Digital disruption has been rife in many industries – often catching established players unaware. Only with the benefit of hindsight are we able to pinpoint the turning point and appreciate how the new players changed the game. In the last few years, we have all come to know the stories of the “Ubers,” the “Amazons” and the “Spotifys” that turned their industries on their heads. Digital Insurance as a Service has the same potential to turn insurance upside down.
Digital Insurance as a Service is, basically, digital insurance – right out of the box. It is an integrated, end-to-end approach to insurance technology that leverages a partner to seamlessly bundle together industry-leading insurance applications, infrastructure and business process services into a single solution. It’s a consumption-based approach to digital insurance transformation, making it ideal for insurers adjusting to a more consumption-based market environment.
A new player in the market can use it to be “born digital” and instantaneously have all the processes in place to provide a digital experience to consumers. It offers speedy response times, customisable and agile processes, integrated technology and the ability to focus purely on customer needs – all that the customer wants and has come to expect. Additionally, these new players would have a greater ability to attract digital talent (talent the insurance industry will be fighting for in the coming years to stay relevant) and take advantage of the gold mine of available information digital brings.
The insurance industry, of course, does have barriers to entry. New players would need to get their financial license and meet their country’s regulations – giving traditional players time to get on the front foot. Australian insurers, in particular, need to be cognisant of these potential threats, as ASIC is known to be a pro-digital regulator, and there has been a five-fold increase in the number of fintechs in Australia since 2014.
Change is never easy, of course, and the people side of shifting to Digital Insurance as a Service will be particularly challenging. According to DXC Technology’s Leading Edge Forum, established organisations that are focused on increasing efficiency and reducing costs tend to attract “Town Planners” and “Settlers” – people who inherently love process, embrace scaled operations and are resistant to change. However, Digital Insurance as a Service will disrupt this. As manual processes are digitised, the speed of transactions and bringing products to market will accelerate. A new culture focused on experimentation, agility and ambiguity will need to be woven into the organisational fabric to allow these organisations to stay relevant as consumers’ digital lifestyles plough ahead. Insurers will need to attract “Pioneers” – people who enjoy these cultural aspects – while also focusing on adapting their current culture to ensure that they can retain this group, and not drive them to leave.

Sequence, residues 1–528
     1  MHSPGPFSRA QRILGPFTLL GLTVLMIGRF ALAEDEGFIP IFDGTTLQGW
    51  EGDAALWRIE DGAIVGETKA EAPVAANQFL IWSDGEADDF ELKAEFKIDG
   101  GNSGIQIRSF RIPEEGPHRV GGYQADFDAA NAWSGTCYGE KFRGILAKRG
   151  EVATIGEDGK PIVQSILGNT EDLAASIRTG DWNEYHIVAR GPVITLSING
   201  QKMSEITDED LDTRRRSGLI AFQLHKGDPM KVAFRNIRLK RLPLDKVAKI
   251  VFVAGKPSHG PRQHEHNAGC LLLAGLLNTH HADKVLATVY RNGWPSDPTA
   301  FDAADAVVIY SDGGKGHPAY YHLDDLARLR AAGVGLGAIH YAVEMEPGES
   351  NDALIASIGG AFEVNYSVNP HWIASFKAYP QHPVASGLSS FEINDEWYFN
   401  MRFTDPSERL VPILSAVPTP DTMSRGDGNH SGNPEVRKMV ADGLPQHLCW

Traditional organisations would do well to sharpen their focus – spending the time to truly understand their customers and redesigning their business. During this redesign, it is also important for the organisation to re-examine their core – and ensure that this is truly what they want their organisation to be known for in its next phase of existence. Finally, the cultural shift needs to begin – as the journey towards becoming digital can be a long process, and there are many hearts and minds that will need to be won on the way.
Insurers who can see this change coming, and who move quickly, will be able to seize the high ground as the industry shifts. Those that fail to adapt may be left behind – only to lament what could have been.